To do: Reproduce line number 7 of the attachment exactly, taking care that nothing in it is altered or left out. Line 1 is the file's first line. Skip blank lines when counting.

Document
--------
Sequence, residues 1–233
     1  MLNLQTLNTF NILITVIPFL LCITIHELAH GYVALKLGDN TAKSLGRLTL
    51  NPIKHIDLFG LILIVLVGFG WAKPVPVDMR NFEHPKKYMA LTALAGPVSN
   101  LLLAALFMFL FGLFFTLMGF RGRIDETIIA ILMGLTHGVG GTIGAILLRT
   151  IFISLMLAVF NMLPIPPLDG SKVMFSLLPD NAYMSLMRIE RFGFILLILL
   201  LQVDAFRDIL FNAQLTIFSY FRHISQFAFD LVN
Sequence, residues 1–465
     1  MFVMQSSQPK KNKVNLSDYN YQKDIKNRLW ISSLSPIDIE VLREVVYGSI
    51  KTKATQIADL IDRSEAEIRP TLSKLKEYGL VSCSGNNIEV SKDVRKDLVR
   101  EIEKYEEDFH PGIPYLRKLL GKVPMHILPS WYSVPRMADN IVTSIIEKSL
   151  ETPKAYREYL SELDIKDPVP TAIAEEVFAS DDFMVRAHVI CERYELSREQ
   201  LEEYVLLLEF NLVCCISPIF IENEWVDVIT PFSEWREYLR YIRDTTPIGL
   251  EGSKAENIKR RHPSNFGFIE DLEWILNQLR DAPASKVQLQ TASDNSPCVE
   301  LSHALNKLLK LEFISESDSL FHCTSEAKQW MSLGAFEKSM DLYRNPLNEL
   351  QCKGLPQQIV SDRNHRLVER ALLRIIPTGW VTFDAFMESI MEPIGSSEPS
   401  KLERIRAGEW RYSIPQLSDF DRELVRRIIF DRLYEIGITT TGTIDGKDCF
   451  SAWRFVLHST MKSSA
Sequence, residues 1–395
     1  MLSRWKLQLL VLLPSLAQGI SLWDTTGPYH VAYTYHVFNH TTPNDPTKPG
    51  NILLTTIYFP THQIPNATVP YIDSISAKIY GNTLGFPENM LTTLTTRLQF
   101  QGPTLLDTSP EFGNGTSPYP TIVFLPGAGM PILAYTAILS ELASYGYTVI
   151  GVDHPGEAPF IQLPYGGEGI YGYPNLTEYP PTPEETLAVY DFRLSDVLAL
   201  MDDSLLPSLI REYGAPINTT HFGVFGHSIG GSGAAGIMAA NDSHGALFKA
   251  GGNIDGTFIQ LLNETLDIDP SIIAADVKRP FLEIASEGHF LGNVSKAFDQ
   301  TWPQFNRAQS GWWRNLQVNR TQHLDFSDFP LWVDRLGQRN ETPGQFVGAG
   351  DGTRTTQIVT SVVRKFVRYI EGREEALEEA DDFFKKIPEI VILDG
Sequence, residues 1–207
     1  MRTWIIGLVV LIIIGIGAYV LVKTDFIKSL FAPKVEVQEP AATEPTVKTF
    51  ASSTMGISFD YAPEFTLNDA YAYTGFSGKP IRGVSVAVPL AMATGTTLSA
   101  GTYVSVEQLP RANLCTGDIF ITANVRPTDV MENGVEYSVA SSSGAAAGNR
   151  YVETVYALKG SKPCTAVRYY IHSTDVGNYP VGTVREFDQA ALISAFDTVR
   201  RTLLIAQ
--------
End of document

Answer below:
Sequence, residues 1–465